Tuesday, December 29, 2015

Views of the World, San Nichola, Cebu, P.I.

Cebu is an island in the Philippines.  I looked up San Nichola, but couldn't find it.  There is a neighborhood called San Nicholas in Cebu City.  If this card is from that neighborhood then it doesn't look like this anymore.  Cebu City isn't the second largest city in the country, but it's sometimes called the second city of the Philippines, and it's densely populated.  I doubt there are any huts and wide dirt roads anymore.

So this is it.  The final card in this series.  If I ever find the few missing images, or if I run across any cards numbered higher than 48, I'll buy them and post them here.  But, I wouldn't hold my breath.  Click on Views of the World in labels at the bottom of the post to see the whole lot.

Monday, December 28, 2015

Views of the World, Old Gateway, Manila, P.I.

File this one under, you learn something everyday.  I knew that before the U.S. took the Philippines, it had been a Spanish colony.  What I didn't know was that the Spaniards launched their invasion of the islands from Mexico.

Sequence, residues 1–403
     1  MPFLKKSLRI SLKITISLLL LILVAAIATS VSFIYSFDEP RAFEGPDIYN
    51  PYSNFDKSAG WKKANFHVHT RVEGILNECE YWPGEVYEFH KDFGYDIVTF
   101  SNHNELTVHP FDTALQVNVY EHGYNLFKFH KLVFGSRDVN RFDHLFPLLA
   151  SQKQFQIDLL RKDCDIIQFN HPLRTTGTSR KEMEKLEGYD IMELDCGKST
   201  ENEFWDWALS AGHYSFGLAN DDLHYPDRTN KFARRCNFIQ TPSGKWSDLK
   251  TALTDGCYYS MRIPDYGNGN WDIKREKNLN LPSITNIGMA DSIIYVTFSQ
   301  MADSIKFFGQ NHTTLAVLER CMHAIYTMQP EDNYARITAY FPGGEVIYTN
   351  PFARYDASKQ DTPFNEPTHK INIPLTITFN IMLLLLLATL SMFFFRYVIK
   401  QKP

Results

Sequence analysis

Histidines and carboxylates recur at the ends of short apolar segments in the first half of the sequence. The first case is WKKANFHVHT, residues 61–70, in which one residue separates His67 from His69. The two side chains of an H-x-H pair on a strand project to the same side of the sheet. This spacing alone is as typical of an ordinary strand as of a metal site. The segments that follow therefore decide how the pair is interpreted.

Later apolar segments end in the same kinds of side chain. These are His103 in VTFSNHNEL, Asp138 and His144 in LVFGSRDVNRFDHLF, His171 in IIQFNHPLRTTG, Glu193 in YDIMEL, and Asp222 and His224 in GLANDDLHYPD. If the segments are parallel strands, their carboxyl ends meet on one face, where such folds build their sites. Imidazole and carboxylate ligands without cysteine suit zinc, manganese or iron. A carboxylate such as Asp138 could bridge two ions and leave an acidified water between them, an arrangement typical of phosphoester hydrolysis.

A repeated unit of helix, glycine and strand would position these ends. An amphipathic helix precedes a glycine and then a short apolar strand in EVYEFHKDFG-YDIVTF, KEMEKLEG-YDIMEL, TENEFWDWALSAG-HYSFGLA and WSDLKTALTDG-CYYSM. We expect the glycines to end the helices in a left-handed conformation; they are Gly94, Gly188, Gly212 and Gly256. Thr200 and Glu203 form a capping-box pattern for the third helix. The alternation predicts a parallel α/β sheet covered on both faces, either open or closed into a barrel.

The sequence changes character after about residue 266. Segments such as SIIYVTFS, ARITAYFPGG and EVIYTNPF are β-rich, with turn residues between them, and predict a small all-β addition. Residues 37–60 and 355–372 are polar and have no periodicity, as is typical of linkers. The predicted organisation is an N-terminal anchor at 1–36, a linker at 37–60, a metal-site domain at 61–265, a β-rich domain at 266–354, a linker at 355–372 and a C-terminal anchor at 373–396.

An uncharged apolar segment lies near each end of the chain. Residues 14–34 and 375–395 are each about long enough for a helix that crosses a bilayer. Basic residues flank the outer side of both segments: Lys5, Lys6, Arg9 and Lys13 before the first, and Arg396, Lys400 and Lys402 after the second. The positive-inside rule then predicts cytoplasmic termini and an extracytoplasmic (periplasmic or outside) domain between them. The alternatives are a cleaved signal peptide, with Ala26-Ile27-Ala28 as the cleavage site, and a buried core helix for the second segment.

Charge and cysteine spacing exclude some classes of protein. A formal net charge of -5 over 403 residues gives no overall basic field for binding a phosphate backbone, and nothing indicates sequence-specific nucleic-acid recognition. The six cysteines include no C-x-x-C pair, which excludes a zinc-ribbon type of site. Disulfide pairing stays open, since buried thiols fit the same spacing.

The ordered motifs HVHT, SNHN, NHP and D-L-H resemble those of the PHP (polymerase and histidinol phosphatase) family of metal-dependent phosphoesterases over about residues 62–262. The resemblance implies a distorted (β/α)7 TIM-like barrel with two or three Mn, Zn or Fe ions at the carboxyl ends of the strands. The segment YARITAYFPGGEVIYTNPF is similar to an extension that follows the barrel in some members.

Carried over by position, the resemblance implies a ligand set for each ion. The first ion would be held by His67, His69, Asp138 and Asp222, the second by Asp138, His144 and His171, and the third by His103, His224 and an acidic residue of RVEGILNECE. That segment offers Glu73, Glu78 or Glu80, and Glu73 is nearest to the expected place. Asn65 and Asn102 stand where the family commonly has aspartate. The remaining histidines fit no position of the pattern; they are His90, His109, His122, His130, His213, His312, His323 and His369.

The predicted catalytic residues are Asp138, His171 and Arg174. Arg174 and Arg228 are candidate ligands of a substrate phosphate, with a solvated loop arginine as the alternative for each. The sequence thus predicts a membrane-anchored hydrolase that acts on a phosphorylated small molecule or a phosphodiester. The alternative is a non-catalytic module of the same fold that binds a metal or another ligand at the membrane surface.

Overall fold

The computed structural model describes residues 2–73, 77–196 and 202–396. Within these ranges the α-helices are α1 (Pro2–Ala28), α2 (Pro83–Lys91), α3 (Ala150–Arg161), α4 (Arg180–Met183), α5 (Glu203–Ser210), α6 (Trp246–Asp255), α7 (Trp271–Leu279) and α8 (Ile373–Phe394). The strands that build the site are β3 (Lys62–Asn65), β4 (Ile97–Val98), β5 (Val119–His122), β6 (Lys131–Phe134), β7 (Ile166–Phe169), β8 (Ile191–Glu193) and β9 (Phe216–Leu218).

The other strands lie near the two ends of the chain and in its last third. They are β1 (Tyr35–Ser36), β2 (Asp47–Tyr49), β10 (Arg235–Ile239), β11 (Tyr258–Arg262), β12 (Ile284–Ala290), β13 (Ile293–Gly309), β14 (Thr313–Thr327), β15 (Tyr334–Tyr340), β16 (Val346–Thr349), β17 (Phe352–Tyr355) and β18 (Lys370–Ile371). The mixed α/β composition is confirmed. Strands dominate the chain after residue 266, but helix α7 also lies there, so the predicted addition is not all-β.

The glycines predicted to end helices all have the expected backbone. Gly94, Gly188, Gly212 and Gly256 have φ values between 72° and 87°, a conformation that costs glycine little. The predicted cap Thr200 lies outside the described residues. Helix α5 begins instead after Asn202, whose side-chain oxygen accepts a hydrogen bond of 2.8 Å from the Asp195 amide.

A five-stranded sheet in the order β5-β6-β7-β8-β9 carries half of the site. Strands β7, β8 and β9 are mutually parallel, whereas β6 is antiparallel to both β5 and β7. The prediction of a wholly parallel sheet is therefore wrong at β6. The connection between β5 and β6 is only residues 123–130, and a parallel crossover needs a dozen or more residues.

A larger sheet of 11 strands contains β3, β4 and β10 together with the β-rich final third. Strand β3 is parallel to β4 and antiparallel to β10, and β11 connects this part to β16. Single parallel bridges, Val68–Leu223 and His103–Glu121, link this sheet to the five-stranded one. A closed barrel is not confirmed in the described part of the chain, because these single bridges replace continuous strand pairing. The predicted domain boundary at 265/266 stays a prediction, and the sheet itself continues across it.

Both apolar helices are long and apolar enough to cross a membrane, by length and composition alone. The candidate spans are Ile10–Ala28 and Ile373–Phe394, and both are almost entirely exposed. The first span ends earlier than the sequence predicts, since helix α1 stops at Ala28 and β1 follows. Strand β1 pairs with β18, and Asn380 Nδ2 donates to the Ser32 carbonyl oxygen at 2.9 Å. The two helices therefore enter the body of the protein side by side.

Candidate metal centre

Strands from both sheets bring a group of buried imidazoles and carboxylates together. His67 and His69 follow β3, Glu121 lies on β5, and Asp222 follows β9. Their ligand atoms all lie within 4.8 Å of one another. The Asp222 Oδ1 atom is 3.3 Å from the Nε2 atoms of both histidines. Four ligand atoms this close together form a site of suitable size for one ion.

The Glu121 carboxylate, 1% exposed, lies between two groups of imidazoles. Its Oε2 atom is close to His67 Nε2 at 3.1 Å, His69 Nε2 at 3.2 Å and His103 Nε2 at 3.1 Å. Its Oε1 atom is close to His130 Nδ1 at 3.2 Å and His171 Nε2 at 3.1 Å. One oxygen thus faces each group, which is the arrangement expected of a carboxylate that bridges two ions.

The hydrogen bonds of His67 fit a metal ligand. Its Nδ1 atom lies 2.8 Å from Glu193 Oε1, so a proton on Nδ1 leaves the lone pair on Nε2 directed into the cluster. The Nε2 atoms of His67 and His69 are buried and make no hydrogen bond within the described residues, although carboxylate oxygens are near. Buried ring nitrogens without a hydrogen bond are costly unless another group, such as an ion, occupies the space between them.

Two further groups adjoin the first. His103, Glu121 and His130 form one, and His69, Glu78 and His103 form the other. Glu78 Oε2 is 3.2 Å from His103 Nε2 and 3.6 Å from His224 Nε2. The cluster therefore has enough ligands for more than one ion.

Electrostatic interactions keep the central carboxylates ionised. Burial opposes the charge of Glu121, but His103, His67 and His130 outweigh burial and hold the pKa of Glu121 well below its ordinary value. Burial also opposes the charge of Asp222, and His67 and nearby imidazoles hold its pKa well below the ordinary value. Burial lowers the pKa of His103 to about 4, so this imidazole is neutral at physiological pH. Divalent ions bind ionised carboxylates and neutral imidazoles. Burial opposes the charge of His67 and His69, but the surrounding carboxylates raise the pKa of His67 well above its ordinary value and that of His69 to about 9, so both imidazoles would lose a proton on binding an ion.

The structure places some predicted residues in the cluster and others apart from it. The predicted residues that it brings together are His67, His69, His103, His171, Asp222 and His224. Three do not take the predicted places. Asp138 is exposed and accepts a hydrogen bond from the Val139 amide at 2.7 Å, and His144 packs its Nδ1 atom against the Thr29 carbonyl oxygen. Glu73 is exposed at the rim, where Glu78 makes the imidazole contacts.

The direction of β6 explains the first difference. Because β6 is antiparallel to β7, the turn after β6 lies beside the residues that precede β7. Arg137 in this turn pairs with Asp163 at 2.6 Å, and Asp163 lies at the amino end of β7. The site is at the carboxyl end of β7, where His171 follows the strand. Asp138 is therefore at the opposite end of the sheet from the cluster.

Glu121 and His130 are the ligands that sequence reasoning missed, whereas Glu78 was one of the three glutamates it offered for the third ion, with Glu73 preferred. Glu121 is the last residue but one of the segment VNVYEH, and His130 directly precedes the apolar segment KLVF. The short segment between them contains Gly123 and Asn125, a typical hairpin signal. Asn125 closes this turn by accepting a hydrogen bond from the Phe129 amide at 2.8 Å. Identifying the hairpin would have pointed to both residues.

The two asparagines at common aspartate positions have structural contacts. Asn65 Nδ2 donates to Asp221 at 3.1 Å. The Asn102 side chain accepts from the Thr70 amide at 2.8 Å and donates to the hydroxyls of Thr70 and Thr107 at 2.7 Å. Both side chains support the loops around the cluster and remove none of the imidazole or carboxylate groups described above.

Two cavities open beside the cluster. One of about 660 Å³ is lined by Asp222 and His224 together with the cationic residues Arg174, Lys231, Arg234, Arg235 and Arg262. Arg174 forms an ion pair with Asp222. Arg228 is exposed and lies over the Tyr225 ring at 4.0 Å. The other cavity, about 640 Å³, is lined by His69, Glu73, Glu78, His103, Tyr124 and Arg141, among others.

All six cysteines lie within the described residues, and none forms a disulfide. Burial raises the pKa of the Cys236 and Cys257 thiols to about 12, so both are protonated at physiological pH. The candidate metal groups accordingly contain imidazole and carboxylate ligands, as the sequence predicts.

I'm surprised, considering the United State's long history in the Philippines, that I don't have more photos of the islands in my collection.  This image of the old gateway is one of several entrances into Fort Santiago, the original Spanish military outpost in Manila.  Today, Manila is the most densely populated cities in the world.

Click on Views of the World in labels to see more from the collection.  Only one more to go.

Saturday, December 26, 2015

Views of the World, Street Scene, Tokyo, Japan

I promised I'd finish this collection by the end of the year, so, it's time for the last three of the lot.  (Click on Views of the World in labels to see more.)

Needless to say, there's far too much information about Tokyo, on line, to type it all up.  So, don't be lazy, look it up.  In a nutshell, Tokyo started out as a small fishing village known as Edo.  It was first fortified by the Edo clan in the late 12th century.  Edo Castle, now the sight of the Imperial Palace, was built in 1457.  In 1868, Edo became the capital of Japan, and it's name was changed to Tokyo, which means eastern capital.  Today, Tokyo is the largest metropolitan area in the world.

Thursday, December 24, 2015


For all those people in the northeast who are enjoying a 70 degree Christmas Eve, this is what you're missing.  The printers mark dates this one from "Week of June 7 1954."  Obviously, the photo was taken earlier in the year.

Wednesday, December 23, 2015

Christmas 1959

Dated "December 25, 1959."

Monday, December 21, 2015


As I've noted before, I love travelling by train.  From the early twentieth century.